In spite of the recent progress in the development of constitutive theory for shape-memory alloys (SMAs), no micromechanical model has been developed to calculate the stress-strain behavior of a SMA polycrystal from the behavior of its constituent grains. A self-consistent model is developed for such a purpose. Using a recently developed micromechanical theory to describe the behavior of single crystals (Lu and Weng, J. Mech. Phys. Solids, 1997, 45, 1905), the model provides a self-consistent relation to connect the stress and phase transformation strain on the grain level with those on the polycrystal level. This relation allows the phase transformation strain in each grain to be calculated in accordance with its stress, and then, by an orientational averaging process, the overall phase transformation strain of the polycrystal is determined. To further test the validity of the single crystal theory, a micromechanical, crystallographic procedure is developed to calculate the anisotropic phase transformation strains of a Ni-Ti crystal under various directions of tensile loading; the computed results were found to be in general accord with the experimentally measured values. The self-consistent model is then applied to derive the stress-strain behavior of a Ni-Ti polycrystal at three different levels of temperature, first above Af, then between Af and As, and finally between As and Ms, to illustrate its pseudoelastic behavior, shape-memory effect and ferroelasticity, respectively. In each case the theoretical phase transformation strain of the polycrystal was in very good agreement with experiments. The "work-hardening" nature of the stress-strain curve at the later stage of phase transformation is also vividly displayed by both theory and experiment.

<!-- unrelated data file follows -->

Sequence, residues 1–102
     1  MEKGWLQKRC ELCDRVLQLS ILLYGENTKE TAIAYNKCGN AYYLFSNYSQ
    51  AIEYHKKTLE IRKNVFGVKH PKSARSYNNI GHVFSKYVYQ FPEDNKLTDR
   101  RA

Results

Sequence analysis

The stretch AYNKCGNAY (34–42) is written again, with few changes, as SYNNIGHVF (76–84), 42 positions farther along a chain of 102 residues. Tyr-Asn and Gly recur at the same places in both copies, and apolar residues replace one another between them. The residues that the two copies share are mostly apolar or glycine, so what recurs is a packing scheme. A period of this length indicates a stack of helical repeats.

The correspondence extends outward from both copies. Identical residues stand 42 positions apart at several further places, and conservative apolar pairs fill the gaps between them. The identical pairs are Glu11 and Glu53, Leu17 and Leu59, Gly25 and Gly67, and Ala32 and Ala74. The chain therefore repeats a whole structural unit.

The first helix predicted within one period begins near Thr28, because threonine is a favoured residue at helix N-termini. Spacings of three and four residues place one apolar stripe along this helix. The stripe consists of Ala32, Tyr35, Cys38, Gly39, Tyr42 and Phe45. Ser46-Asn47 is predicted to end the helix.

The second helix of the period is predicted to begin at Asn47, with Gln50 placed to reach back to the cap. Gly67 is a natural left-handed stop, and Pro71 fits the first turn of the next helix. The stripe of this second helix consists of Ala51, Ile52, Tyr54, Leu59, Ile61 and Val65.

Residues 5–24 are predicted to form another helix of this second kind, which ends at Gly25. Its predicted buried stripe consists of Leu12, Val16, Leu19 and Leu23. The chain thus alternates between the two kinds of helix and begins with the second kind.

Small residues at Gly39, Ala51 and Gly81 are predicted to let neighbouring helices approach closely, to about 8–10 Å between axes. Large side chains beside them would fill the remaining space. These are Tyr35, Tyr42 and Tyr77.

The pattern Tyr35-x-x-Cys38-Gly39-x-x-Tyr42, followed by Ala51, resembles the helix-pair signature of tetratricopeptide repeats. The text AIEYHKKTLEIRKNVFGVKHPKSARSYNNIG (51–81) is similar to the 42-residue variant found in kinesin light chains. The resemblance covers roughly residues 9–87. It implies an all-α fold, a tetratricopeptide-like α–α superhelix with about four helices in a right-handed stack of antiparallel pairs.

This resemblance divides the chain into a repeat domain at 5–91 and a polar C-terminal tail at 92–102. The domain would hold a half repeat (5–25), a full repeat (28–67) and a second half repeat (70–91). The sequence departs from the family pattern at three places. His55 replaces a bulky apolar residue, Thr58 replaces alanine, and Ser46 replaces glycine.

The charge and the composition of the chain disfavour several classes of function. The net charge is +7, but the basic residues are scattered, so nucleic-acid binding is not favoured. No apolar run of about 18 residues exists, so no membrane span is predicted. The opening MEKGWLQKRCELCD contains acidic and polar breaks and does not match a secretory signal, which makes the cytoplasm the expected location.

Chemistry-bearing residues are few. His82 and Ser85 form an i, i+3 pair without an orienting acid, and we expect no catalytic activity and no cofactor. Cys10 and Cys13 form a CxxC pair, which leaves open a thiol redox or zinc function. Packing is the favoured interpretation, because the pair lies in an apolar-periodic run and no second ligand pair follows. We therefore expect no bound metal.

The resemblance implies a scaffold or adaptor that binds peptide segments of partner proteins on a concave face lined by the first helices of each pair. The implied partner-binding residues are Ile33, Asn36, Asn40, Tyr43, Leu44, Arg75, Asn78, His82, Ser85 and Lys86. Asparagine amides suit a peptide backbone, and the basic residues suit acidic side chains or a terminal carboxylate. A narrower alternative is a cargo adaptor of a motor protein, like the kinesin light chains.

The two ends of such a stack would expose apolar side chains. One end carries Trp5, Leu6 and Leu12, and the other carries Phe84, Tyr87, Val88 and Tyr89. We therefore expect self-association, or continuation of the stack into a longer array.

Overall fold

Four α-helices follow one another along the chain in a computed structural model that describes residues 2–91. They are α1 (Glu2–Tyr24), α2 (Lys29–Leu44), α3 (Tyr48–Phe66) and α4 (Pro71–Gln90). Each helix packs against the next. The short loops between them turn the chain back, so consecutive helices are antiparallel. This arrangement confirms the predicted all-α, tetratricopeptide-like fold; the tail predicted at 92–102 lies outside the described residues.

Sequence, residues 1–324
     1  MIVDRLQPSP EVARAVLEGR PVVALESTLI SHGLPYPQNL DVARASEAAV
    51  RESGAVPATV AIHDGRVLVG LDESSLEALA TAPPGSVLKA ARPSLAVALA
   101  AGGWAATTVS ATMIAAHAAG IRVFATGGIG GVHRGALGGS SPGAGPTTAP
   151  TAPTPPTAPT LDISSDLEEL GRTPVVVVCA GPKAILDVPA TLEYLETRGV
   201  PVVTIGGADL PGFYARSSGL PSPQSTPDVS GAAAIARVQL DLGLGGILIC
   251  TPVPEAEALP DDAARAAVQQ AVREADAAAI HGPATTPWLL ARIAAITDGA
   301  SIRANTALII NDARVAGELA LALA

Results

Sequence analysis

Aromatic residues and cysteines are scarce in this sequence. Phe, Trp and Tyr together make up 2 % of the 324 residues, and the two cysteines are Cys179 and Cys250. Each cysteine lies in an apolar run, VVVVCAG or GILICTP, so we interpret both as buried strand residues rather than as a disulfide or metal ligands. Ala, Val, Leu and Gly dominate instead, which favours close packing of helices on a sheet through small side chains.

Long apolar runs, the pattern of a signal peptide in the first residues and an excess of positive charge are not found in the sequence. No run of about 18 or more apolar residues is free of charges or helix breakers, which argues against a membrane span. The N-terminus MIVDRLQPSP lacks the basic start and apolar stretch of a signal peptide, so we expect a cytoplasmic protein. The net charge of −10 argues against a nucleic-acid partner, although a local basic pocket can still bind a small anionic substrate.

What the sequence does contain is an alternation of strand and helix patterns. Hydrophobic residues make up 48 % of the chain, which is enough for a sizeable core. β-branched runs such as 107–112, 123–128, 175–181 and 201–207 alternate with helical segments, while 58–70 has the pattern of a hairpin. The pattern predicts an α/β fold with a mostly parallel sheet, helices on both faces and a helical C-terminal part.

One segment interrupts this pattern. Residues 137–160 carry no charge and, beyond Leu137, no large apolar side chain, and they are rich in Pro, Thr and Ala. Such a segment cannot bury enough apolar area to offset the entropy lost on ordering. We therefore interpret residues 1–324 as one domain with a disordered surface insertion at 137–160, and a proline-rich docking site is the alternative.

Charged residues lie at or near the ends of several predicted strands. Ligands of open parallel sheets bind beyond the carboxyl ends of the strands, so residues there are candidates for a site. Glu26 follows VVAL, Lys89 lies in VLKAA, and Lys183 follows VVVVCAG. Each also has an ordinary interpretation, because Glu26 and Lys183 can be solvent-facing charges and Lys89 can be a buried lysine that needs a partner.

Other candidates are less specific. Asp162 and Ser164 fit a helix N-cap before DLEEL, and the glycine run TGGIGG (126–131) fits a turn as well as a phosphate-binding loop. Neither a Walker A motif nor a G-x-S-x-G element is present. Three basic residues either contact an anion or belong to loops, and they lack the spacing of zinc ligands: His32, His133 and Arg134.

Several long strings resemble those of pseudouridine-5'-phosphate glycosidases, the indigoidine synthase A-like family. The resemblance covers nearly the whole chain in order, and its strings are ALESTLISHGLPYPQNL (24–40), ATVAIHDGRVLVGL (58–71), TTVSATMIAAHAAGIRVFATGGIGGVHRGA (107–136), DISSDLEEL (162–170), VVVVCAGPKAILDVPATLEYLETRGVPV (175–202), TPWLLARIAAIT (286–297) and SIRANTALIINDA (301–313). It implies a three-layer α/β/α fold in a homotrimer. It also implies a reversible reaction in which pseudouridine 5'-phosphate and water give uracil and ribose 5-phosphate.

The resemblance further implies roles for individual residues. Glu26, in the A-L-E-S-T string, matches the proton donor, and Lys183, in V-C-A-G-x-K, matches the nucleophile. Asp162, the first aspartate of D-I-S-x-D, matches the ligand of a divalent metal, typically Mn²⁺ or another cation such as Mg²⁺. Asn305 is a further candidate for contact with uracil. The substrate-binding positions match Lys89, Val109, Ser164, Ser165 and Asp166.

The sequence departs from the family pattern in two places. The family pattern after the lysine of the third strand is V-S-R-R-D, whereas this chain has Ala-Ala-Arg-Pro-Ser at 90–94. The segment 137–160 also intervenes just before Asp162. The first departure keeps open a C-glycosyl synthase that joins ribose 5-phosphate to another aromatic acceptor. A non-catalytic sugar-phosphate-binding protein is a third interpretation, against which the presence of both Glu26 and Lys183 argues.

All Science Journal Classification (ASJC) codes
- Electronic, Optical and Magnetic Materials
- Ceramics and Composites
- Polymers and Plastics
- Metals and Alloys